Lean Computing for the Cloud
Applies lean thinking across the cloud service delivery chain to recognize and minimize waste
Leverages lessons learned from electric power industry operations to operations of cloud infrastructure
Applies insights from just-in-time inventory management to operation of cloud based applications
Explains how traditional, Information Technology Infrastructure Library (ITIL) and Enhanced Telecom Operation Map (eTOM) capacity management evolves to lean computing for the cloud
Eric Bauer is Reliability Engineering Manager in the IP Platforms Group of Alcatel-Lucent. Before focusing on reliability engineering, Mr. Bauer spent two decades designing and developing embedded firmware, networked operating systems, internet platforms, and optical transmission systems. He has been awarded more than a dozen US patents, and has authored several books such as Service Quality of Cloud-Based Applications , Reliability and Availability of Cloud Computing , and Design for Reliability: Information and Computer-Based Systems , all of which were published by Wiley-IEEE Press. Mr. Bauer earned his BS in Electrical Engineering from Cornell University and MS in Electrical Engineering from Purdue University.
Lean Computing for the Cloud
Upon completion of this chapter the reader will understand:
The standard definition, characteristics, and benefits of cloud computing
The key roles in the cloud computing ecosystem
Key concepts of application, demand, supply, quality, and fungibility
This section reviews the following key concepts that are used extensively in this work:
Cloud computing fundamentals (Section 1.1)
Roles in cloud computing (Section 1.2)
Applications (Section 1.3)
Demand, supply, capacity, and fungibility (Section 1.4)
Demand variability (Section 1.5) 1.1 Cloud Computing Fundamentals
Cloud computing is defined by ISO/IEC 17788 1 as a " paradigm for enabling network access to a scalable and elastic pool of shareable physical or virtual resources with self-service provisioning and administration on-demand. " ISO/IEC 17788 specifies the following six key characteristics of cloud computing 2 :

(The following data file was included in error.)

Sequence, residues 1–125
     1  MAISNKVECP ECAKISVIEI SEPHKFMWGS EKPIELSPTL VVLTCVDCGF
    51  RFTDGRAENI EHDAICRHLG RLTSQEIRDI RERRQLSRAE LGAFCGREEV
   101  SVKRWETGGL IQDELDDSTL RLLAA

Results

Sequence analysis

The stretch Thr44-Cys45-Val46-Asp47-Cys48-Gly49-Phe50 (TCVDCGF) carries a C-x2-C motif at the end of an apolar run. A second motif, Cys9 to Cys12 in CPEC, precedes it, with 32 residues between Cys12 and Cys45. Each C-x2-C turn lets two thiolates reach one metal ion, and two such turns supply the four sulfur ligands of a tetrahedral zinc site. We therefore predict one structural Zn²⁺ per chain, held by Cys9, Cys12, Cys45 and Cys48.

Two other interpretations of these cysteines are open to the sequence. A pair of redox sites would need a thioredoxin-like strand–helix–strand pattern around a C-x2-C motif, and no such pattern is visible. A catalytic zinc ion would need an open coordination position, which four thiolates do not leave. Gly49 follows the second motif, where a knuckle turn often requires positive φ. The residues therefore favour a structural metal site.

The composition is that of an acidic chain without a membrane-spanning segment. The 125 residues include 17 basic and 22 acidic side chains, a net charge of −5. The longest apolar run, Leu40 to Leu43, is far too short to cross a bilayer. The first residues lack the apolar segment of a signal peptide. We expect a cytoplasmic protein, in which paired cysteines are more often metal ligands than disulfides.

Broad network access - " A feature where the physical and virtual resources are available over a network and accessed through standard mechanisms that promote use by heterogeneous client platforms. The focus of this key characteristic is that cloud computing offers an increased level of convenience in that users can access physical and virtual resources from wherever they need to work , as long as it is network accessible, using a wide variety of clients including devices such as mobile phones, tablets, laptops, and workstations " (ISO/IEC 17788). Operationally, this means that end users access cloud-based application services via commonly available wireless and wireline IP networks.
Measured service - " A feature where the metered delivery of cloud services is such that usage can be monitored, controlled, reported, and billed... The focus of this key characteristic is that the customer may only pay for the resources that they use . From the customers' perspective, cloud computing offers the users value by enabling a switch from a low efficiency and asset utilization business model to a high efficiency one " (ISO/IEC 17788). When cloud customers pay only for resources that are used, application services that are engineered so cloud resource usage tracks with application service usage which tracks with application revenue can reduce business risk by better linking application service provider's costs with application service revenues.
Multi-tenancy - " A feature where physical or virtual resources are allocated in such a way that multiple tenants and their computations and data are isolated from and inaccessible to one another " (ISO/IEC 17788). Multi-tenancy enables infrastructure service providers to maximize resource sharing and boost their capacity utilization.
On-demand self-service - " A feature where a cloud service customer can provision computing capabilities, as needed, automatically or with minimal interaction with the cloud service provider. The focus of this key characteristic is that cloud computing offers users a relative reduction in costs, time, and effort needed to take an action, since it grants the user the ability to do what they need, when they need it, without requiring additional human user interactions or overhead " (ISO/IEC 17788). This means that application service providers and/or automated systems working on behalf of those application operators can install, configure, and provision cloud resources to serve their applications in real time. On-demand self-service of capacity planning and fulfillment actions, coupled with rapid elasticity, enables significant reductions in fulfillment times for capacity change actions compared to traditional deployments.
Rapid elasticity and scalability - " A feature where phys